Government failing to tackle male suicide

Male Suicide Prevention The Department for Health is failing to target suicide prevention work at men say experts, according to a report on male suicide BBC Radio 4’s Today Programme.

Jane Powell of the male suicide prevention charity CALM said:

“It’s cultural as much as anything else. We don’t really see men as needing help in anyway or as being vulnerable unless they’ve got some additional asset or qualification which means we should look at them as needing any further assistance.

“And that  runs through our entire society which says that failure and being weak is something that women’s do and being strong is what men do. And so when we look at the suicide prevention strategy where it says and mentions that men are at higher risk than women, it then goes on to look at what other factors like ethnicity, sexuality or anything else that bring that kind of added qualification as for why we should look at a particular group as needing anything.

“We equate manhood as being invulnerable so we can’t allocate resources in that area because they’re men. A man who is depressed is more likely to behave aggressively, to  self medicate, to have anger problems and to end up in prison than end up getting any kind of mental health help.”

The Psychologist Martin Seager, who was also interviewed on the programme said that we have to “remove the blind eye we’re turning to it  because in 104 out of 105 countries that  we have statistics for the male suicide rate is much higher so it isn’t purely a cultural thing it seems to be an embedded evolutionary mind and body issue for men.

Male suicide is one of the key topics covered at the third national conference for men and boys. To buy your tickets today click here now

Advertisements

Seven Reasons To Take Men’s Mental Health Seriously

02422c8b607e2a9226be29e7f027ff1dThe mental health of men and boys is a topic that comes every year at the National Conference for Men and Boys.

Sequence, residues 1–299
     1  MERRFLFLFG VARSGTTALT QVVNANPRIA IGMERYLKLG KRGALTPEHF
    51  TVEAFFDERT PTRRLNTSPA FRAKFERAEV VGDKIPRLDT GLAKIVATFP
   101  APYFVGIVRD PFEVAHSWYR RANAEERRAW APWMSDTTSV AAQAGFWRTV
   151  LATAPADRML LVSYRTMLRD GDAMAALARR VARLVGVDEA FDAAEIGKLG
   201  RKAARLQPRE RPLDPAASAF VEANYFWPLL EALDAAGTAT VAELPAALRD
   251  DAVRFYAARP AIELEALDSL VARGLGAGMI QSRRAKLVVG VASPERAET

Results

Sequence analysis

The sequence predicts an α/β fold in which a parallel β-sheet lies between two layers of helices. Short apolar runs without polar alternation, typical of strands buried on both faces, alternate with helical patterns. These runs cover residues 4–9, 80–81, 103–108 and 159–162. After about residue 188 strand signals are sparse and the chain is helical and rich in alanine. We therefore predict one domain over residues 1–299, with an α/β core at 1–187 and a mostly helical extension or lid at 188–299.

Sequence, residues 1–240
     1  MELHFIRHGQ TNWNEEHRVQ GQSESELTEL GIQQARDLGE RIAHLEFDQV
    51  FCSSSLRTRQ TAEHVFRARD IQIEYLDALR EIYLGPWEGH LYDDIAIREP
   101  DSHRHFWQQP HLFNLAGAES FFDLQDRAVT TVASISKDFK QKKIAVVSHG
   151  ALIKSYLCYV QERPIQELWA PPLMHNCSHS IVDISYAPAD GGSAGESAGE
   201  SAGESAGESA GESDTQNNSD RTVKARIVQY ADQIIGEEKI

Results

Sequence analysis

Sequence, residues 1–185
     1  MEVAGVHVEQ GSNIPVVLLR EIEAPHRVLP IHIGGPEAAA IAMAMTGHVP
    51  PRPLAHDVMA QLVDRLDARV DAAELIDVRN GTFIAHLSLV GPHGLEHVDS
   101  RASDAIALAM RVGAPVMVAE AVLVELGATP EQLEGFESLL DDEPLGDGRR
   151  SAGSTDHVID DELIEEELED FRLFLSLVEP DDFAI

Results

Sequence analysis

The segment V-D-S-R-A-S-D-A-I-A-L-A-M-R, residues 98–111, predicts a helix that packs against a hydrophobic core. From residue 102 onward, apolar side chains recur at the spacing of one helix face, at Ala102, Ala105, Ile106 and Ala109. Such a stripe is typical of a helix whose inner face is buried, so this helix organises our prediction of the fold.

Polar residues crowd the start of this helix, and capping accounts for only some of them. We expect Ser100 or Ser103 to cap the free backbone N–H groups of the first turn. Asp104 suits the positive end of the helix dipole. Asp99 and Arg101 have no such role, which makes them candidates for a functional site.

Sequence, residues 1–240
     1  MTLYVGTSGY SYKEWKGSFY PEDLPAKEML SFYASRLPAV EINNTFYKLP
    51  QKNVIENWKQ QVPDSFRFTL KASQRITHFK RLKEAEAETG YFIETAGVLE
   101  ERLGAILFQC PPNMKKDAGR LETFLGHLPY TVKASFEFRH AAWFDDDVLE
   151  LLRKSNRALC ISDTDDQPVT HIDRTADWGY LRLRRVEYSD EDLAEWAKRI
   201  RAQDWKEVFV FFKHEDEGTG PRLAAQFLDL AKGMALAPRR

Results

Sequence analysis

One of the many great organisations to attend the event last year—Men’s Minds Matter—have published a list of 7 reasons why we need to give this issue more attention.

If you want to meet a fantastic range of professionals committed to improving the lives of men and boys then do come along this year’s conference—you can buy your tickets online now.

According to Men’s Minds Matter, there is a lack of information available about the physical and mental health of men and boys, but we do know that:

  • Men are three times more likely to take their own lives through suicide (NIMHE, 2008; ONS, 2013)
  • Across the lifespan men are at greater risk from nearly all major illnesses and injury (O‟Brien & White, 2003; Courtenay, 2009; Coalition on Men & Boys, 2009)
  • Men engage in many more behaviours that are a risk to their health (Courtenay, 2000)
  • Men make up the vast majority of the prison population and it is estimated that 90% of prisoners have mental health problems (Prison Reform Trust, 2005)
  • 94% of young offenders are male and 80-90% are believed to have mental health problems
  • The majority of those who are homeless are men (Gill, Meltzer, Hinds & Pettcrew, 1994)
  • Men suffer more substance abuse and dependence (Kessler et al. 2005)

Men’s Minds Matter aims to address the mental health of men and boys through actively campaigning to address inequalities where they exist, conducting high quality research, providing training and development, and working closely with interested parties and partner organisations.

Men’s Minds Matter explores the mental health of men and boys from a scientific psychological perspective. They say that: “Mental illness in men affects not only individuals themselves but also others, including women, children and other men. It is imperative that we address the mental health of men and boys to improve the mental health of all people.”

You can find out more at the Men’s Minds Matter website.

And to come to the conference click here now to book your tickets today.